Now, the Sunshine Law advocates are kind of walking back their purpose in giving Obama the award in the first place, calling it "aspirational"   --  in other words, to give him a nudge in the right direction.  That makes more sense given that the president did his utmost to hide the little event. He really has no intention of being any more transparent than he has been - which has not been very transparent at all.  He likes to talk the honesty talk, but it's becoming evident that truthiness matters more to him than truth. It must be the opacity of hope.

For example,  according to "The Hill," Ellen Miller of the Sunlight Foundation has called the actions of the Obama Administration a disappointment.  Emails have come to light showing it has actively sought to delay release of documents requested under the Freedom of Information Act.  The AP obtained the emails, showing that Homeland Security Department workers were accusing some senior officials in the Obama Administration of delaying the release of files.  Some emails described the president's appointees as "meddling"  -- and echoed Danielle Brian in their calling the unnamed Obama staffers stupid, though not  crazily so.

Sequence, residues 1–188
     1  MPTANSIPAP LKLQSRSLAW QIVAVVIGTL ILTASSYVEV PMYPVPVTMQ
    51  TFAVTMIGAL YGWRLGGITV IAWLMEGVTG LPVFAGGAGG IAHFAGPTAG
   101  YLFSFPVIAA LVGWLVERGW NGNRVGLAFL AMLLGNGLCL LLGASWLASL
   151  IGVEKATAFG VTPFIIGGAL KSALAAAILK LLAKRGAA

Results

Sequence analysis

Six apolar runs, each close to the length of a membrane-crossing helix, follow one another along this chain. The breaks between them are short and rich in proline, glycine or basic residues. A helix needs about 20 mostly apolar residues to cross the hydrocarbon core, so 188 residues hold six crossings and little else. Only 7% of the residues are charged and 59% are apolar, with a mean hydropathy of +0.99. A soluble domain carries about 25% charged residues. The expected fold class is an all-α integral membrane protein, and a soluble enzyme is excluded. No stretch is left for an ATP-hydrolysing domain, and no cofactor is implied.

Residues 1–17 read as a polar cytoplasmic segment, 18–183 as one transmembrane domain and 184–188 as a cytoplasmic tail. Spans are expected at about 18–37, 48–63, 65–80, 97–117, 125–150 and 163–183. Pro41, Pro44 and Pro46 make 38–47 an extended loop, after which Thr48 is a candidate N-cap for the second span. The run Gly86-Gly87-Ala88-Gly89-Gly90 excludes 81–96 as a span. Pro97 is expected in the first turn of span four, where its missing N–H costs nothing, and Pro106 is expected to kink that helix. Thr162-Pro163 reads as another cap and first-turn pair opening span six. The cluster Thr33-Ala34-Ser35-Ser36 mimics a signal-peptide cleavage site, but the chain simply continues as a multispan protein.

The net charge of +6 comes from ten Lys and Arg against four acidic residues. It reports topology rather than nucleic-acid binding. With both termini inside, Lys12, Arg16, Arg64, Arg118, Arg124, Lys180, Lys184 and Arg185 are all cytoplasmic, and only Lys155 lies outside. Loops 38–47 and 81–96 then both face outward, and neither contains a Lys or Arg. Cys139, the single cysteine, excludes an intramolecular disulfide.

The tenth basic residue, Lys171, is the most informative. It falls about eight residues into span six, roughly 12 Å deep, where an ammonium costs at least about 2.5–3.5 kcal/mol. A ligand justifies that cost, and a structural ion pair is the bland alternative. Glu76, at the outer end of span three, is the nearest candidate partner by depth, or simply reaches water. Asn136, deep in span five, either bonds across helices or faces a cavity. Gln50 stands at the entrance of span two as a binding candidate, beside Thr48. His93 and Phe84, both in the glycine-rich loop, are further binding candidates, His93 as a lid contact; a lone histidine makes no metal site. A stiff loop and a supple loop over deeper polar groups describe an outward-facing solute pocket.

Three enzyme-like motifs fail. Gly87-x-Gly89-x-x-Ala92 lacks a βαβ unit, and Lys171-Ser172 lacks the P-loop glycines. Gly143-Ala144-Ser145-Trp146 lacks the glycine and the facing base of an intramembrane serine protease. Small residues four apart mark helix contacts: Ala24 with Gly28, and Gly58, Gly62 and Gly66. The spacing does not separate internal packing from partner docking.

We got our first clue about transparency and lack thereof when the president reneged on his campaign promise to broadcast healthcare reform negotiations live on CSpan. Not only didn't that happen, Obama was making backroom deals with Big Pharma to back off reimporting drugs from Canada and drug price negotiations in exchange for their backing off on his own efforts at cosmetic insurance company reforms.  At the same time he was advocating for a public option and urging his volunteers to go door to door for the DNC in the name of his cause, he'd quietly taken the public option off the table without letting us know.

Now, out-Bushing Bush as he embarks on what is variously being called a third war, or a temporary selective humanitarian effort, or a limited kinetic military exercise, we can expect even more secrecy in the name of all-important national security or protecting troop movements.  Hypocrisy in this president is now a given.  When are we going to start adding mendacity to the list?


Anonymous said...

Well it is in keeping with Nancy Pelosi's masterful "Well you will just have to pass the bill to see what's in it" isn't it?


Anne Lavoie said...

They got the transparent thing right - we're all seeing right through him. No wonder he wants to keep THAT a secret. The emperor has no clothes!


Anonymous said...

Nobel Prize now a Transparency Award...If I were Barry I'd be embarrassed too!

Marie Burns said...